—huh.  What a question—in the end it’s all sand—

Yes—four of them.

—sand that’s right that’s right four of them right in front of Hitler and the Aryan hordes sand more sand it’s all sand—

She looked at him quizzically.

If I learn to run and jump well could I win medals?

—anybody can win medals if they put their mind to it [sand it’s all sand] given they’ve got arms and legs and a reasonable frame that can be made to carry a grand, lean, muscular physique and strong hands to clutch the fistfuls of sand—

Yes, he said gravely—but you’d have to practice for several hours each day, for years, to get to be good enough to compete in the Olympic games.

—what he said—sand sand sand—

She looked away from the gravestone and up to him.

For all those years of practicing and winning, she said, all you get is a medal if you win?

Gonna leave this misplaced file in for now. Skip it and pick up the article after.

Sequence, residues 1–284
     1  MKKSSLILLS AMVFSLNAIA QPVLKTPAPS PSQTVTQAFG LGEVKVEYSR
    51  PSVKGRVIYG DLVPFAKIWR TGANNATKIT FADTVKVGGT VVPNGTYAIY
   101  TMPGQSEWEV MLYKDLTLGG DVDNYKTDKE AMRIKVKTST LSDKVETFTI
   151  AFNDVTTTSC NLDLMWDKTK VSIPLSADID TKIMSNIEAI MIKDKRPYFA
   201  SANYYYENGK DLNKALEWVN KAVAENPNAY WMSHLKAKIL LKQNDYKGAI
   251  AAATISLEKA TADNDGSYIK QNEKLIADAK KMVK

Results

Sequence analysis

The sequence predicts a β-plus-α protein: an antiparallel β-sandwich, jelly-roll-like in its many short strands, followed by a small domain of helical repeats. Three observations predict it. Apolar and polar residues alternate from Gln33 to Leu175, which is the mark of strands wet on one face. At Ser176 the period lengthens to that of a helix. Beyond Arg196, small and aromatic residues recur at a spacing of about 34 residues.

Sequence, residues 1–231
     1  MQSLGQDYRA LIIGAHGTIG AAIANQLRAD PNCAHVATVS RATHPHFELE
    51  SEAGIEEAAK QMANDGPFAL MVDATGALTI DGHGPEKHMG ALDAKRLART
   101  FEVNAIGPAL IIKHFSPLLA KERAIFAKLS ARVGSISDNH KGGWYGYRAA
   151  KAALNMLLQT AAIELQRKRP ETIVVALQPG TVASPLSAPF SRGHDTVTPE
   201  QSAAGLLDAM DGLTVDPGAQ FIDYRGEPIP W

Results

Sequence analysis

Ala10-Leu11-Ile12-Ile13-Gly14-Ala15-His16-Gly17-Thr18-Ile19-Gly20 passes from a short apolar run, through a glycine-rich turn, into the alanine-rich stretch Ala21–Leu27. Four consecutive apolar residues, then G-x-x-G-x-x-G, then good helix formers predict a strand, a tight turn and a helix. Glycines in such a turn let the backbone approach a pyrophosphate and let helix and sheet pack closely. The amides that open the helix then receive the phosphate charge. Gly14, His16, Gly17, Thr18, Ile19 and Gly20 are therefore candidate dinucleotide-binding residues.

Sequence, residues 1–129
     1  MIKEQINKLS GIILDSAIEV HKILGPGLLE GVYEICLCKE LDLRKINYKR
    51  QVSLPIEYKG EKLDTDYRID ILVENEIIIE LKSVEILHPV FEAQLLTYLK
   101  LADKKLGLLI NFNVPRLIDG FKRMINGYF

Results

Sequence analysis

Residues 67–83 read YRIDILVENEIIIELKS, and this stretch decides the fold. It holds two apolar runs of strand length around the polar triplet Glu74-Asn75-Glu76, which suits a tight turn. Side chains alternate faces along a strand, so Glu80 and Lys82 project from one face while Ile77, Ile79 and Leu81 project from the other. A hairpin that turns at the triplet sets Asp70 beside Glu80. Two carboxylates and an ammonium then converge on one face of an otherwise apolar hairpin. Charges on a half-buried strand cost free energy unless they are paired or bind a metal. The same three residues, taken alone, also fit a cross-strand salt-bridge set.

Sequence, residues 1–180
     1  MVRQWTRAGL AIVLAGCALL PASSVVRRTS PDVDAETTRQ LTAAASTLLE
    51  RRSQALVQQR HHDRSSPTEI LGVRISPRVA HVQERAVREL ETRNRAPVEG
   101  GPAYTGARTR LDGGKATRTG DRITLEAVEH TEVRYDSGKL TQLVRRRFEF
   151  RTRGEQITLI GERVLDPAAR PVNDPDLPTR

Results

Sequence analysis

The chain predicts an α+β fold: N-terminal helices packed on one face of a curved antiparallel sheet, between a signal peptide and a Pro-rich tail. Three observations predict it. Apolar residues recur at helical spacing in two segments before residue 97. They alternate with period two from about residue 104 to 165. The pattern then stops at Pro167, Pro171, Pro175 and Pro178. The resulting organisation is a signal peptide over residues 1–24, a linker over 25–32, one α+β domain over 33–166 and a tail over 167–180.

—yes all you get is a medal if you win but that medal means something it’s a big deal to get one of those medals let alone four—but in the end it’s all sand—

Furman laid a finger beside his cheek.

Well—you get some money too.

—yes they give you money but not a lot of money; money is the root of all evil they say so they wouldn’t want to give you too much of the stuff—it’s just sand after all—

She looked back at the gravestone.

A lot of money?

—because it will corrupt you yes it will corrupt you while you’re alive the way death stops everything and corrupts you too sand the sand the sand—

He nodded.

Sure—thousands of dollars.

—so a couple of thousand dollars is nothing it goes through your hand like a handful of sand drains through your fingers—see it’s all sand—

How many thousands?

I think twenty-five. Or something like that.